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Benjamin Barnett and his wife, the former Cecily Perrine are travelling in Europe when they realize that they have become objects of scrutiny from persons unknown. Using his contacts, friends, and the not-so-desired help of his often nemesis Sherlock Holmes, Moriarty must save his friends and outwit his most cunning opponent while the fate of history hangs in the balance.
Blue blood is flowing in London as a killer slits the throats of the cream of England's aristocracy. Naturally Scotland Yard enlists the great Sherlock Holmes himself. Only when this ultimate weapon of the law failed to stem the deaths are they forced to play a last desperate card - Professor James Moriarty, the Napoleon of Crime, who had his own methods of fighting evil...
When American journalist Benjamin Barrett is sent to Constantinople to report on the sea trials of a new submarine, the assignment soon becomes more eventful than he had predicted, particularly after rescuing a certain professor from an attack...
In London, 1892, a well-guarded young nobleman goes missing under distressing circumstances. The nobleman, one Baron Renfrew, is actually Prince Albert Victor, eldest grandson of Queen Victoria. He disappeared while he was visiting a house of ill repute, with bodyguards both inside and outside the building - with his inside bodyguard rendered unconscious and the trussed-up corpse of a brutally murdered young woman left behind. Hoping to find the missing Prince and to clear him of the murder, the royal family is looking for a brilliant - and, more importantly, discreet - investigator. Sherlock Holmes, alas, is out of the country so, at the suggestion of his brother Mycroft, they turn to the only man who just might be more brilliant - Dr James Moriarty.
NEW YORK CITY, 1935. NEWSPAPER COLUMNIST EXTRAORDINAIRE ALEXANDER BRASS NEEDS A STORY...It all begins when a furtive tipster promises an explosive story and gives Morgan DeWitt-assistant to New York World celebrity newsman Alexander Brass-an envelope filled with photographs of the most compromising nature. When the tipster turns up murdered, Brass and his team resolve to find the killer, running the gauntlet of blackmailing Nazis, accommodating nymphomaniacs and US senators on the way...
"It's a Mystery to Me "is a book every fledgling writer of crime stories should read and study. It's packed with the kind of practical advice, incisively and wittily presented, that only a seasoned professional can provide. Kudos to Michael Kurland for a masterful how-to-dunnit. -- Bill Pronzini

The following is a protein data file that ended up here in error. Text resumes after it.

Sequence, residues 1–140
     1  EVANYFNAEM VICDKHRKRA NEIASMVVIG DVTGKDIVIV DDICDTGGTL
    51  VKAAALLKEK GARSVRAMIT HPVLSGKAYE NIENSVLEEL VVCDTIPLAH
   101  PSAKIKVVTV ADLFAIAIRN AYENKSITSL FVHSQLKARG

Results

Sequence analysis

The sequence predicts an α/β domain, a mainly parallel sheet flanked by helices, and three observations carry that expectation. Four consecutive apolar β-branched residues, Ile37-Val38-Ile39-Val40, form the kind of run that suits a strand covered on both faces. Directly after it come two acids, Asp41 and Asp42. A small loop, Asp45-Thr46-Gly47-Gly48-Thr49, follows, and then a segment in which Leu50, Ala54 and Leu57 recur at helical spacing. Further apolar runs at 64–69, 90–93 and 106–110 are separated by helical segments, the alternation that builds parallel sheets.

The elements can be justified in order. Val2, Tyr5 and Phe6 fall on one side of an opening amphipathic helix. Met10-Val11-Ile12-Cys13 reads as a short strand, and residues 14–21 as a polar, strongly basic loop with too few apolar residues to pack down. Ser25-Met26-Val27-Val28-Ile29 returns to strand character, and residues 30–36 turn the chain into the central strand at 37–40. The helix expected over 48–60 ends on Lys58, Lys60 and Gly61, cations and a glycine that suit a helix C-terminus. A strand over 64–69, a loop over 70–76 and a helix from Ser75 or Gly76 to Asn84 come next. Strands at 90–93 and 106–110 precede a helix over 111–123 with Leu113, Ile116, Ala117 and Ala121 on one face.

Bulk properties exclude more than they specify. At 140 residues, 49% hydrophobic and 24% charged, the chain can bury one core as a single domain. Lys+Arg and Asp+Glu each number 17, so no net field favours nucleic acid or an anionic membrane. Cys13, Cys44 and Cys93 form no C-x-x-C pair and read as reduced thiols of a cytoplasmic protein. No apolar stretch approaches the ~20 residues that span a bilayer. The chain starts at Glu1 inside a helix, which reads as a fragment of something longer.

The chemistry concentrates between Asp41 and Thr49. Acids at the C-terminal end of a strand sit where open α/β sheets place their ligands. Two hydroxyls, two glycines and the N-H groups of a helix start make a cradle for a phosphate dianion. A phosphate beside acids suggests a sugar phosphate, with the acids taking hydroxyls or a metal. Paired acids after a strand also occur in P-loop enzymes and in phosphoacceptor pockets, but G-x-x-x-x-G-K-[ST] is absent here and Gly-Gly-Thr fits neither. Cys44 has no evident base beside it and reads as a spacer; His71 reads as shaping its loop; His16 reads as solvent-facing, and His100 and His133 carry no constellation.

With an introduction by Leslie S. Klinger, editor and compiler of all three volumes of "The Annotated Sherlock Holmes", this collection of ten original stories brings light to one of the least examined periods in the life of the great detective - his time in the former colonies, the United States. This Holmes is a youthful one - a young man not yet set upon his course in life and in his famous lodgings at 221B Baker Street. In Richard Lupoff's "Inga Sigerson Weds", he's come to America to represent the family at his sister's wedding. In "My Silk Umbrella", Mark Twain narrates his fateful encounter with Holmes at a baseball game in Hartford, Connecticut; Steve Hockensmith narrates the meeting of the young William Gillette and the object of his later, most famous turn upon the stage; and, Peter Tremayne reveals the intersection of Holmes and the Irish in the 19th century American midwestern landscape. With further stories by Marta Randall, Rhys Bowen, Peter Beagle, and others, the legend, the mythology and even the history of the world's greatest detective is further enhanced by these charming, clever and mystifying tales.
The rise of scientific thinking in finding, catching, and convicting criminals and, just as important, freeing the innocent has transformed society's assault on crime. Before scientific detective work, early attempts to maintain public safety relied on the severity of punishment rather than any probability of apprehension. But with the rapid development of the sciences in the nineteenth century, some techniques began to spill over into more effective police work. Michael Kurland's engrossing history of forensic science recounts this remarkable progress, which continues to the present. He traces the history of the major techniques of criminal detection and many of the minor ones. Here are Bertillon's physical measurements used to recognize habitual criminals; the study of fingerprints identifying criminals long after they have left the scene of the crime; Gravelle's comparison microscope comparing bullets to determine if they have been fired from the same gun; the development of bloodstain identification and, ultimately, the blood type involved. Mr. Kurland explains how once accepted techniques have fallen by the wayside handwriting analysis, for example and how methods such as lie detectors, voice spectrum analysis, bite mark evidence, and other methods have proven unworthy. Finally " Irrefutable Evidence " explores the rise of modern DNA typing techniques, which have proven the innocence of many persons convicted of major crimes and resulted in the exoneration of more than two hundred on death row. With 12 black and white illustrations.
Set in an alternative reality where "All the President's men" do not get caught at Watergate, this "shockingly believable" novel presents the frightening scenario of what could happen if a powerful but paranoid American chief executive goes out of control. "-The dirty tricks have just begun; rape, murder, plot and counterplot...are nothing to this imperial President..."-Publishers Weekly. " T]he authors have brought a chilling sense of reality to their fast-paced, smoothly-written thriller. It may be fiction, but it is close enough to fact to be genuinely terrifying."-The Miami Herald.